University of Pittsburgh

Career Services Job Searching Guide: Writing Samples

Many employers request writing samples of candidates. The writing sample should be a polished memo or brief or other legal document without professor's comments, typographical errors or stray marks. With permission, and after protecting confidentiality by blocking out identifying names as appropriate, a memo, brief or other legal document that you wrote for an employer may be used. Both quality and appearance are extremely important. Good writing ability frequently is one of the essentials employers seek in prospective employees; your writing sample, as well as your cover letter, are opportunities to demonstrate talent in this area. If you have two or more samples from which to choose, select the one that most strongly reveals your writing style, ability to organize your thoughts, powers of analysis, clarity, succinctness, and legal reasoning. Obvious rule of thumb: choose your best legal writing to date.

Employers have told us that they prefer writing samples to be no longer than 10 pages. They are looking for clear, concise language and format, although relevancy and interest to the employer can be a plus. Include a cover page with your name (as well as your address and telephone number) and the title. If the writing sample is an excerpt from a longer piece, determine where you need to prepare an introduction to provide context to the reader.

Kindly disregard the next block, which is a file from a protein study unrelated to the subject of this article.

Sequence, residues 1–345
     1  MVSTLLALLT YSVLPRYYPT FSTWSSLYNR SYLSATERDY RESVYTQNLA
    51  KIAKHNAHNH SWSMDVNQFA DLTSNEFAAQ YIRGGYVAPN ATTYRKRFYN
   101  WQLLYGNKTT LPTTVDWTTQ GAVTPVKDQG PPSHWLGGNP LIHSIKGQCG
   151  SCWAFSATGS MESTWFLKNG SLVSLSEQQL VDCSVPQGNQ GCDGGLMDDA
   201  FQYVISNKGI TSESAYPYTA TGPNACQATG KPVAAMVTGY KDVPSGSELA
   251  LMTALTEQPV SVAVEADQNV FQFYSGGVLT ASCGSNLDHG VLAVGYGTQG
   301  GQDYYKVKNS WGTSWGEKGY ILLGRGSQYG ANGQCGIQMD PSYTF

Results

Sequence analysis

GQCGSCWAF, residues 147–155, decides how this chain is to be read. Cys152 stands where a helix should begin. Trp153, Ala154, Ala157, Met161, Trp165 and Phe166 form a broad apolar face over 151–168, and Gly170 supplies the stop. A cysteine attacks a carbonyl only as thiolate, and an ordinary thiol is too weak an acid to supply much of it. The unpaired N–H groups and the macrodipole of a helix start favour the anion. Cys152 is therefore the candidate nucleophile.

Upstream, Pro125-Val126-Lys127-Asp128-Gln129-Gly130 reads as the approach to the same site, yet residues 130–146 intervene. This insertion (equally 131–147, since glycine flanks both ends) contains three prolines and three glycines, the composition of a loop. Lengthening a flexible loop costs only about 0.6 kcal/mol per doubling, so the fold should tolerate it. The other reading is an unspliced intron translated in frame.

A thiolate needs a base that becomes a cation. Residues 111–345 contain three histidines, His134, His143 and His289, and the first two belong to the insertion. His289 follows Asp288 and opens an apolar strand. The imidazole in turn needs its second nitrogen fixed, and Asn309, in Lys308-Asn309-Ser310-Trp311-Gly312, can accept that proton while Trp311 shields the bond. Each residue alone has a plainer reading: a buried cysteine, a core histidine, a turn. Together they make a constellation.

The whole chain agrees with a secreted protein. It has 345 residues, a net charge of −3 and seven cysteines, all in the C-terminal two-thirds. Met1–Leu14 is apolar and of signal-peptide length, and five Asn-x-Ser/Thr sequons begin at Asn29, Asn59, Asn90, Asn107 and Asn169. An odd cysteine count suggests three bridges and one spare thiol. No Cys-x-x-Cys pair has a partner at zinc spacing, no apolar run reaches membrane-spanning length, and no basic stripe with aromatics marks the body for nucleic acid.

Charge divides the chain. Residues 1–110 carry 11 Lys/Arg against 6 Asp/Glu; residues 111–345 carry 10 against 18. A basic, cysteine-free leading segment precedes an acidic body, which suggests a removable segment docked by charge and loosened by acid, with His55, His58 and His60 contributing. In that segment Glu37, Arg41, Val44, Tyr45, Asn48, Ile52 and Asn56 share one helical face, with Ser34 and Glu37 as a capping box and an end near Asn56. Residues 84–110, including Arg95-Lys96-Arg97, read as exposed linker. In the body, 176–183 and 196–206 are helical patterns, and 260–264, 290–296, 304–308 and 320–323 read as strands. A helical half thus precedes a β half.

A few years ago most employers asked for the writing sample closer to the time of making the final hiring decision rather than at the beginning of the application process. With a significant increase in the number of applicants for each job opening, there is a trend toward requesting the sample earlier in the application process to ensure that the quality candidates are not overlooked. Students should be prepared to promptly submit a writing sample. First-year students will typically submit a writing sample from their Legal Research and Writing Class. Second and third-year students generally use a writing sample from their employment, externship or other outside legal experience.

Remember, your cover letter is also a writing sample. Employers read your cover letters and they must be grammatically perfect!

Revised 09/28/2011 | Copyright 2011 | Site by UMC